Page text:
Number of people identified as potential human trafficking victims in Britain rose by 21 percent to 3,309 in 2014
By Tom Esslemont
LONDON, Jan 27 (Thomson Reuters Foundation) - British airports such as Gatwick are increasingly used as entry points to the European Union by Nigerian trafficking gangs seeking alternatives to perilous Mediterranean Sea crossings, Spanish police have warned.
BBC News quoted a crime squad officer in Barcelona as saying his team had bust a notorious Nigerian crime organisation running a network of trafficked prostitutes across the city.
But the gang, known as the Supreme Eiye Confraternity (SEC), is also "using forged documents and passports to fly its Nigerian victims into places like Gatwick," Xavier Cortes, head of anti-trafficking at Catalonia police, said in a BBC interview.
The word 'Eiye' means 'bird' in Yoruba, the main language of southwestern Nigeria where the group originates, the BBC report said.
The Home Office, which oversees immigration controls at UK airports, did not respond to the interview remarks.
A record one million migrants arrived in the European Union last year, many reliant on criminal gangs to smuggle them out of conflict-ridden countries like Syria and Afghanistan as well as many African countries.
The surge in arrivals has heaped pressure on European police and authorities to break a network of organised crime spanning the continent.
The number of people identified as potential victims of human trafficking in Britain rose by 21 percent to 3,309 in 2014, the UK's National Crime Agency (NCA) said last year.
The nationality of the victims was known in only 2,100 cases of which nearly 9 percent were Nigerian, the agency's data showed.
The overall rise in trafficking cases may have been due to improvements in the way police and other professionals spotted signs of the hidden crime, the NCA said.
Spanish police officer Cortes said the English-speaking SEC and other Nigerian gangs preferred the British trafficking route, suggesting they may have official help in their home country to obtain forged passports.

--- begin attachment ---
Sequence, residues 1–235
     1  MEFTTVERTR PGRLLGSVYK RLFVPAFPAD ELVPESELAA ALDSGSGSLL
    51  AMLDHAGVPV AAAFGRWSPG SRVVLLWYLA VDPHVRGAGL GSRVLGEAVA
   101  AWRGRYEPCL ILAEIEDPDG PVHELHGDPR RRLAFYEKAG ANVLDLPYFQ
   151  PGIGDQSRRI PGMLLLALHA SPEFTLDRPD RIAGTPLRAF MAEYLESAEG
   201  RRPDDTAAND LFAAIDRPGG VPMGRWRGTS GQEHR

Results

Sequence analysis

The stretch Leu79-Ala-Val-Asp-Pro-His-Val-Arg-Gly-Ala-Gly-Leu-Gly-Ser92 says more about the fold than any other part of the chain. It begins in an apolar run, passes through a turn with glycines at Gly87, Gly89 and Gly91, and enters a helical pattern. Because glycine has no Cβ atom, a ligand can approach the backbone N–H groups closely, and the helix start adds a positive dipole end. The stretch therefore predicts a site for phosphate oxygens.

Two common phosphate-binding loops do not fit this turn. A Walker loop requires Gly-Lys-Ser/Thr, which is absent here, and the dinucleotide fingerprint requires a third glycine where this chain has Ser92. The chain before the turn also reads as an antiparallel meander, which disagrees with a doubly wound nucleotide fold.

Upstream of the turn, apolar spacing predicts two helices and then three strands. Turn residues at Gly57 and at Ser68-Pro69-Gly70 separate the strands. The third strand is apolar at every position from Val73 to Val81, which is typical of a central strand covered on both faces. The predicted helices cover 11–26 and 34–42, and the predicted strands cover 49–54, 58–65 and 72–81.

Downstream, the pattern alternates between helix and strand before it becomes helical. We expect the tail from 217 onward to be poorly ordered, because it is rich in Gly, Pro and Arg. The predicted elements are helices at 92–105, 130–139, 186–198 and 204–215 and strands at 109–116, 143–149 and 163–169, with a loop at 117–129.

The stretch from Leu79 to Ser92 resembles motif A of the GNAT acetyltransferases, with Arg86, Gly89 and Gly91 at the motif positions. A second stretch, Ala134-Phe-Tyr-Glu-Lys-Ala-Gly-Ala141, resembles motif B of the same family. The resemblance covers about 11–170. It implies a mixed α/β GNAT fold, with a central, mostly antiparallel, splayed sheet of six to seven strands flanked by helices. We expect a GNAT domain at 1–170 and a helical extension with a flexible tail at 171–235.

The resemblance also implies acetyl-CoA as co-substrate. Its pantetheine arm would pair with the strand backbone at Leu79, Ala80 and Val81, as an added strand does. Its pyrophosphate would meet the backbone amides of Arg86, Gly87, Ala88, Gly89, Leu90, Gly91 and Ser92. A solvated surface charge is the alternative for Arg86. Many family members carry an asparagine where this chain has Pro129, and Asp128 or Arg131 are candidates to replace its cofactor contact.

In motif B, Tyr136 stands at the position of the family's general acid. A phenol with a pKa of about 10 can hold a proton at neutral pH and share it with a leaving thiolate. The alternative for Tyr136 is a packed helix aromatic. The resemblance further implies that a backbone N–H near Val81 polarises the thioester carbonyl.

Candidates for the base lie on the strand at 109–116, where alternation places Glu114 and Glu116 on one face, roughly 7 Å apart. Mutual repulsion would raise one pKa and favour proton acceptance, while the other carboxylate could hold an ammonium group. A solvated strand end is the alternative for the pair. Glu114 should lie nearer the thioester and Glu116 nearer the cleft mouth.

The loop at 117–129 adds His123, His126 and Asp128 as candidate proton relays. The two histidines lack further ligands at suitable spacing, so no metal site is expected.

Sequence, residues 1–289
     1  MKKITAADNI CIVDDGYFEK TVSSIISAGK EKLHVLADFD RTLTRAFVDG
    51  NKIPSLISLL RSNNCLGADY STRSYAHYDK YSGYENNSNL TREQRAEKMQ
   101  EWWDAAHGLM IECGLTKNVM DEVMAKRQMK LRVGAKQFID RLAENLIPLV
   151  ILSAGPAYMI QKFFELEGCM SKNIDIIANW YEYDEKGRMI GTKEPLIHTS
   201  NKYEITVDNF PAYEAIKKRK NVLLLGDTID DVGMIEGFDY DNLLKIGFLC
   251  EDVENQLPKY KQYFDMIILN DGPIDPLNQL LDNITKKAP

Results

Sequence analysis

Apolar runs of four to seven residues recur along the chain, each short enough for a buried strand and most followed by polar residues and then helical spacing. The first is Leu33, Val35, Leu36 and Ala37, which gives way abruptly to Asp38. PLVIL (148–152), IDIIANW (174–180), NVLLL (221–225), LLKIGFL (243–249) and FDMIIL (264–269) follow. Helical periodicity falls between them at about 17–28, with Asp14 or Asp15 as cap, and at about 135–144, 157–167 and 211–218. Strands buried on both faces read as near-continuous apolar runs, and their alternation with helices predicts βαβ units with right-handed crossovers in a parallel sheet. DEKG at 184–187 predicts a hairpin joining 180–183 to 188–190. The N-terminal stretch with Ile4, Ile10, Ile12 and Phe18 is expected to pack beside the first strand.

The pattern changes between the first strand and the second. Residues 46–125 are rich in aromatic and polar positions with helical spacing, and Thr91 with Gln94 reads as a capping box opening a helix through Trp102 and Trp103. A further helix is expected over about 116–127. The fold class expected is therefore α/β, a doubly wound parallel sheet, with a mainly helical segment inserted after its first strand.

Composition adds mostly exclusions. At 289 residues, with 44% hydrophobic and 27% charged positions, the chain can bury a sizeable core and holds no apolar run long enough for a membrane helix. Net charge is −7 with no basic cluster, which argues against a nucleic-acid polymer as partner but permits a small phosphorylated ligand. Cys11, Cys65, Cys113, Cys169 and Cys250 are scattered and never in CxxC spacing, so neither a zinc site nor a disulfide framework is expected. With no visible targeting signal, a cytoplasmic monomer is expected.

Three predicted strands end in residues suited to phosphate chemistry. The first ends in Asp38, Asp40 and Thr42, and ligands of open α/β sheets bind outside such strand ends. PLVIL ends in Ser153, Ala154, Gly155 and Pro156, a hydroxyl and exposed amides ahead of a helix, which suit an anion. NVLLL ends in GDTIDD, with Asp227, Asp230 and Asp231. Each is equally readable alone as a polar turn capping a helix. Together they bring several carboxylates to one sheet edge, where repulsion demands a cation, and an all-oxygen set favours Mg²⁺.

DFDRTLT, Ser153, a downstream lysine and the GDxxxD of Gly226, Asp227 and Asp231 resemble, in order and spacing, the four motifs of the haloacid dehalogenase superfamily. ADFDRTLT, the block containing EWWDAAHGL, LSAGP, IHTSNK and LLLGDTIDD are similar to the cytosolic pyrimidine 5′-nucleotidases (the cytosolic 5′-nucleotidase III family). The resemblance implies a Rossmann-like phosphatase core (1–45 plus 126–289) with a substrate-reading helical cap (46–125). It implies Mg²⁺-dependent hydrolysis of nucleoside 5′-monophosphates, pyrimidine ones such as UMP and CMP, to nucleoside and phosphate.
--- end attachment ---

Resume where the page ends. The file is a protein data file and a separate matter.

"These (fake) documents are expensive, though, and need co-operation of people working in the government to get," Cortes was quoted as saying on the BBC's website.
In 2014 over 240 million passengers passed through UK airports, according to the Civil Aviation Authority.
RAPED AND BEATEN
The SEC's victims are often approached by traffickers in Nigerian towns and cities, including Benin City, lured by the promise of making money through prostitution, according to the BBC report, which first aired on Tuesday.
But one woman said she had no idea of the pain she would have to endure.
"I did not know I would be beaten and raped and have to have sex every night of the week," the victim told the BBC.
Another woman, speaking after she was freed by a recent Spanish police raid in Barcelona, said she had been hit over the head with a glass bottle after telling a gang member she could not meet his demand for payment.
"I had scars all over my body," she told the BBC.
The raid on the SEC in Barcelona mentioned in the BBC report took 18 months of planning and resulted in 23 arrests.
But the SEC has hundreds of members running operations out of Ibadan, about 100 km (60 miles) northeast of the Nigerian city of Lagos, the BBC report said.
In 2014, 70 percent of nearly 900 Nigerian citizens applying for asylum in Britain had their applications refused, government data shows.
Nigeria's government has failed to comply with minimum standards for the elimination of human trafficking, though it has made some progress, the UK Home Office (interior ministry) said in a report on the country last year.
More than 3,770 migrants and asylum seekers died in 2015 trying to reach Europe by crossing the Mediterranean Sea, according to the International Organization for Migration.
(Reporting By Tom Esslemont, editing by Tim Pearce. Please credit the Thomson Reuters Foundation, the charitable arm of Thomson Reuters, that covers humanitarian news, women's rights, property rights, human trafficking and climate change. Visit http://news.trust.org)
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